Rory shook his head. “But, dude, you already make stuff out of nothing, don’t you? With your tattoos?”
Jules shook his head. “I convert my own mana, or transmute substances available in my environment. In spite of appearances, it all checks out in terms of equivalency. Replacing nothing with something is a whole different ballgame. And that’s what has to be done to fix Max.”
Rory fell silent. He’d gotten his hopes up for a moment. Now they were teetering dangerously. “It’s at least worth looking into. Right?” he said finally.
“What do you think I’m doing?” Jules gestured to the piles of papers and books. “Honestly, though, intriguing as this angle is, it’s pretty far-fetched. Even assuming I can come up with a way to do it, I’d only consider it as a last resort. I still think our surest bet will be shaking down those apostates.”
“Can I ask you something?”
Jules eyed him. “Depends.”
“It’s not about … past stuff. I just really am wondering why you’re going to so much trouble here. For Max, and, uh … and me.”
“Are you fucking kidding? This is fascinating stuff.” The alchemist was being sincere. Rory knew better than anyone how rare it was to see Jules Nimri this animated. “But also … ” Jules sobered. “You know. Max is cool. So of course I want to do what I can to help her. Not to mention I’m a Martial Magus now. Taking down apostates is literally my job.”
Rory nodded, rested his Milanos bag on the nightstand. Resumed his quest to find his toothbrush. “So … no luck yet, huh?” He nodded toward Jules’s books.
“Nope.” Jules grunted as he eased shut the ponderous tome in front of him. “Starting to think I’ve forgotten which book it was in. Maybe one of my researchers will run across it.” He yawned. “If not, I’ll make an appointment with Grand Archivist Loris-Beckett. If anyone would know where to find an obscure tidbit like that, it’s her.”
By the time Rory got back from the bathroom, Jules’s lamp was off, and he was laid out beneath his covers like a corpse in a casket, glasses discarded on the nightstand. He opened one eye as Rory passed by him. “I have to be at the Enclave at nine tomorrow. Think you can be up and halfway presentable by eight forty-five?”
“Yeah, no problem.” Rory crawled into bed, heard Jules emit a sigh. “Mind if I have the TV on?” he asked quietly.
Jules’s eyes popped open. “Yeah, it’s fine. I don’t think I can sleep anyway.” He sat up and put his glasses back on, then eyed the books that now sat in a stack on the floor by his bedside.
“Dude, take a break from that,” said Rory. “Watch something stupid with me.”
“I shouldn’t be idle,” muttered Jules.
“You haven’t been idle once all day, I bet. Have you?” Rory flipped channels. “Here.” He settled on TV Land. “Let Three’s Company nourish your soul.”
“Oh, God.” Jules leaned back against his headboard, let out a small chuckle. “You had to be the only thirteen-year-old kid in the world in 2004 who was into this show.”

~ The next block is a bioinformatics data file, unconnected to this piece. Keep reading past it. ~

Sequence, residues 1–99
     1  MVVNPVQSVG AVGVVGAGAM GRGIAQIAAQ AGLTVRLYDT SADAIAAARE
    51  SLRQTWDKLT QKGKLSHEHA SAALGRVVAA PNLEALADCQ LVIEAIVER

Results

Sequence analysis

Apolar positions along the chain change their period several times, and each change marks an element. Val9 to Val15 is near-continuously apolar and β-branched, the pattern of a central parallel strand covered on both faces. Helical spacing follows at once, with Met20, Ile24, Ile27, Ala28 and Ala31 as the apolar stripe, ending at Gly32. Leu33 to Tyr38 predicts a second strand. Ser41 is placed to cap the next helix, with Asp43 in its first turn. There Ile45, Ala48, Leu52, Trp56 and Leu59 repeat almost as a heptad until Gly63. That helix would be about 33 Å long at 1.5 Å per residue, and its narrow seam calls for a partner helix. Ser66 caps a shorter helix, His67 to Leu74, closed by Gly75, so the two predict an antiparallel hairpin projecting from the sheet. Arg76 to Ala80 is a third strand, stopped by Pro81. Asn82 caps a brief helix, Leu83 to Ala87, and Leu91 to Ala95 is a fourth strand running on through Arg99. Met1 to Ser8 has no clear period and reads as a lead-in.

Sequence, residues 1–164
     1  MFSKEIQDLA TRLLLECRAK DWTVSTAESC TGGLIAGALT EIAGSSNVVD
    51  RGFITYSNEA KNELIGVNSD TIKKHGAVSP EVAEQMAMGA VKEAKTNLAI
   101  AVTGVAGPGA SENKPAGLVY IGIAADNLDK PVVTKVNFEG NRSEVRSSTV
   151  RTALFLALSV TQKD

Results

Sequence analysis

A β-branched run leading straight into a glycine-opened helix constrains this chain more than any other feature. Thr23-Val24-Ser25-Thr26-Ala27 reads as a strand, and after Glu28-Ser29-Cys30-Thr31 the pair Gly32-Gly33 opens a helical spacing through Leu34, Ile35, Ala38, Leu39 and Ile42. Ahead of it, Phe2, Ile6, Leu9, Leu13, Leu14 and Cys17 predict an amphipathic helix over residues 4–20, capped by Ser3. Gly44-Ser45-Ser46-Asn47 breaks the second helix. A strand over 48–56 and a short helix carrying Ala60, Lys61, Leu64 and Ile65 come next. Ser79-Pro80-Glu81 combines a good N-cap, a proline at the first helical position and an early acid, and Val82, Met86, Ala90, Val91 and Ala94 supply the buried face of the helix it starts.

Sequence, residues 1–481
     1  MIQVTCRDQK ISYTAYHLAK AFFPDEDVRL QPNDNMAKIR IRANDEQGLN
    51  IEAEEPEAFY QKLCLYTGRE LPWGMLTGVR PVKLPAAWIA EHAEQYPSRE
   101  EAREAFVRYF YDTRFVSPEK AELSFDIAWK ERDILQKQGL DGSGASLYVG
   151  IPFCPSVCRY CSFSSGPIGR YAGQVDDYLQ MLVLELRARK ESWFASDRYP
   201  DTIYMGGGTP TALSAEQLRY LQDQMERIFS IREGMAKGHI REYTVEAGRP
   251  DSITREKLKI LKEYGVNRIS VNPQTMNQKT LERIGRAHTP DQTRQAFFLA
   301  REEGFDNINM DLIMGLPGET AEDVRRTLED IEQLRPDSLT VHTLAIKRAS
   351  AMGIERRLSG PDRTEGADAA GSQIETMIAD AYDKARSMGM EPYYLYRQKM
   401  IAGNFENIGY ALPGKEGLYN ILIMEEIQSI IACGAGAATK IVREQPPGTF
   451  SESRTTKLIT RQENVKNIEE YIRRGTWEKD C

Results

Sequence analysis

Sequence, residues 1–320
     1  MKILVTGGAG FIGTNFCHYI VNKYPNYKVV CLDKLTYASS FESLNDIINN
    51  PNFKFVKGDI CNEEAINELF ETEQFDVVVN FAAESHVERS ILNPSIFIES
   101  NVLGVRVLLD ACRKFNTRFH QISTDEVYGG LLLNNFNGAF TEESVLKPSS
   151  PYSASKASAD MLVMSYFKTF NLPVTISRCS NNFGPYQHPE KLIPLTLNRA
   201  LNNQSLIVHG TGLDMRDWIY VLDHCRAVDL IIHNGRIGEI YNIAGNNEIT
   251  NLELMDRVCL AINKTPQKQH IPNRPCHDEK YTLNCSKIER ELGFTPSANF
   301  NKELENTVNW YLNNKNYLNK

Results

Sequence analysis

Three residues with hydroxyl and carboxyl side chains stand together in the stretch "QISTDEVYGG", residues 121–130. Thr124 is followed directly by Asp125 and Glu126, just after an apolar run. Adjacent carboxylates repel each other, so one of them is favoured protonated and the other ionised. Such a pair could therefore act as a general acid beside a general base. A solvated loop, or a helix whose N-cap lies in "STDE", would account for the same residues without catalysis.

“It’s a classic comedy of errors. And Janet was a formative figure in my budding sexuality. Anyway, laugh all you want. Your fave was Gilligan’s Island.”
“When I was ten,” said Jules. “And how do you even know that? You weren’t there.” He paused. “Anyway, it was a tie, with Adam West’s Batman.”
“Oh, right! You totally had a Robin thing.”
“Shut up. Seriously, why do you know that?”
“You told me, dummy.”
“And I left out Julie Newmar as Catwoman?”
“You definitely, definitely did. I definitely would have remembered that.” Rory hesitated. We’re not friends was still echoing like a warning automation in his brain. “So … you really did like Dick? Er—Grayson? That wasn’t just misdirection?”
Jules was silent a moment. “I’m not interested in discussing my sexuality with you, Rory.”
“Sorry.” Rory sank up to his nose beneath the covers, huddled awkwardly. “Now Don Knotts,” he ventured, muffledly, as Mr. Furley blundered onscreen to steal the show. “There’s a sex symbol we can all get behind. Am I right?”
“Turn it down a little bit, will you?” Jules set his glasses on the nightstand, rolled to face away from Rory, burrowed under his sheets. “I think I’m sleepy after all.”
“Okay.” Rory meekly complied.
He sighed, grabbed one of the excess pillows on his bed and hugged it to his chest. He was suddenly alone with his thoughts again. Alone with flashbacks of Max getting hurt—and his own unforgivable fuck-ups.
Another minute or two, and the laugh track on Three’s Company started to grate. Rory turned off the TV, then impulsively climbed out of his bed and crouched beside Jules’s, grunting as he gathered a couple of the heavy alchemy books into his arms.
Jules sat up and stared at him. “What are you doing?”
“I thought I might as well take a crack at these.” Rory felt guilty—though for what, he wasn’t sure. “I seriously can’t sleep.”
“Oh.” Jules frowned slightly. “Well … good luck, then.” He turned away and buried his face in his pillow.
Rory dropped the books onto his bed with a whumph and climbed in after them. They had a distinctive dust-and-old-parchment smell that took him straight back to his Academy days.
He grabbed his Milanos—he’d already brushed his teeth, but fuck it—and started paging through one of the tomes.
“Gah. ‘Good luck’ is right,” he mumbled to himself. The text was written in Ancient Greek and littered with incomprehensible charts.
He plugged on resolutely, realizing he remembered more Ancient Greek from Academy than he’d thought. But then he discovered the whole thing was encoded, on top of being written in a dead language—which he’d forgotten was the norm among older magic texts, and alchemy texts in particular.
“God fucking dammit,” he sighed.
A small notebook came flying at his head.
“Hey!” he shouted, ducking it. It smacked into the headboard behind him and landed on his bed in a heap. “Jesus, I’ll be quieter!”
“That’s the key,” said Jules. “For the code the author used in that book. You won’t get far without it. Sorry, I’m tired. My aim’s off.”
“Oh,” said Rory. “Thanks.”
Jules dwindled again to an all-but-invisible heap beneath his covers.
Rory picked up the notebook and opened it. Its contents were written in Jules’s lean, taut hand.
He took a deep breath, chowed down on a cookie, and went to work.